Teaching historical fiction genre study gives you more bang for your buck. As your class studies history, they read stories with similar settings. This way, students gain a better understanding of the time period.
Ms. Sneed Teaches Another Genre of Literature
“Good morning, everyone,” called Ms. Sneed. “Today we’re getting started on our historical fiction genre study.” A few kids smiled, a few grimaced, and some just squirmed in their seats.
Teaching Historical Fiction Elements
“Has anyone ever read a book in this genre?” asked Ms. Sneed.
One child in the front row tentatively raised his hand. “I read a book about the Mercury space program,” he said.
“Hmm, how can we determine if it was really historical fiction?” the teacher queried.
“Well, you said historical, and the book was about history,” said the boy.
“Great! But it’s also fiction, so what else?”
Ms. Sneed worked with the kids until they had a pretty good list. Then she displayed this anchor chart. “In the coming days, we’ll be reading some historical fiction picture books. As you read, look for realistic characters, settings, and events. Remember, however, that some things were made up.”
Gathering Historical Fiction Picture Book
That afternoon, Ms. Sneed visited the school library. “I’d like to check out 40 books,” she grinned at Mrs. Vance.
“What? Again? You sure keep this library in business,” the librarian responded. “What do you need?”
“I’m teaching historical fiction and looking for picture books.”
“Hmm.” Mrs. Vance clicked away on her computer. “Here’s a list of 50 historical fiction picture books from Book Riot. We have most of these books. Let’s start there.”
The two educators headed to the shelves. As they searched for the books on the list, each of them found a few more.
“That’s 25. We still need 15 more, said Ms. Sneed.
Mrs. Vance’s eyes twinkled. “I happen to have a few more favorites.” In no time, the pile reached 40 books.
“Thanks so much!” Ms. Sneed called as she rolled the library cart out the door.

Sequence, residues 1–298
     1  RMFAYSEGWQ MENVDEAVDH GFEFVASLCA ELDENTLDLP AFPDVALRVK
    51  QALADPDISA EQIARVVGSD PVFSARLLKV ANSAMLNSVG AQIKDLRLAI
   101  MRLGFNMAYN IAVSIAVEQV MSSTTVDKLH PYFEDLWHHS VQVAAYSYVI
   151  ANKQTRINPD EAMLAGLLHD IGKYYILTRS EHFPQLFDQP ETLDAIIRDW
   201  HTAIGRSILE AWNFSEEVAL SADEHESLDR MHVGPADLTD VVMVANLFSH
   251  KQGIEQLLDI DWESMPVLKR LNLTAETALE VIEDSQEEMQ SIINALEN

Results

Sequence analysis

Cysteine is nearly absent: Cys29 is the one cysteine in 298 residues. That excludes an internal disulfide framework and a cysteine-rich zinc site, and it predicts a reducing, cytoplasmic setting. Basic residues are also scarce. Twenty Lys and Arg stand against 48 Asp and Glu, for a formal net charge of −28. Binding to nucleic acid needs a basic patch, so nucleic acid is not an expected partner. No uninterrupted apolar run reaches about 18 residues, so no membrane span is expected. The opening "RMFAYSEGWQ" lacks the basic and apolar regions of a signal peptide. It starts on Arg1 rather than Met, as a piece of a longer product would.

Letting Kids Read Books They Like
When the kids arrived at school the next day, a table full of books greeted them. Of course, everyone gathered around and picked their favorites.
“Alright, guys, let’s get settled down so we can read!” hollered Ms. Sneed. “Each of you can select a book and sit where you’d like. When you finish, I’d like you to think about the elements of the historical fiction genre once more. Then, please record them on this organizer.”
For several days, Ms. Sneed’s class enjoyed historical fiction books. Some days they recorded elements on a table; other days they answered questions. And sometimes they just read for fun.
Step 4: Teaching Historical Fiction (and History!) Using Novels
By this time, Ms. Sneed was teaching the mid-1800’s in history, and she wanted to give her students a taste of pioneer life.
One morning, she held up a copy of Little House in the Big Woods by Laura Ingalls Wilder. “Yep. We’re going to read this novel,” she told her class. Everyone sat up taller. “And – you’ll love this part – all of your assignments will be on an interactive website. You can access it from your Chromebooks.” They all cheered.
“Let’s take a look at a few of the features.” Ms. Sneed displayed the website on the Smartboard. “The site asks you to discuss or answer questions, explore figurative language, and even watch videos. But one of the things I love the most is the visual dictionary. Here’s an example.”
A few days later, the principal walked in for a quick observation of Ms. Sneed’s ELA block. Right away, she noticed little bodies sprawled out on the floor. Some were reading; some gathered around Chromebooks and discussed. Everyone was very, very busy. “Hey, what’s going on here?” she laughed.
“Just a little merging of the 19th and 21st centuries,” joked Ms. Sneed. As she explained about teaching historical fiction genre study, a small smile spread across her face.
Teaching Genre Studies
Whether you’re teaching historical fiction, realistic fiction, mysteries, mythologies, or fables, genre studies engage students like never before. When you scaffold learning from elements to short stories to full-length novels, kids have fun while improving their reading skills.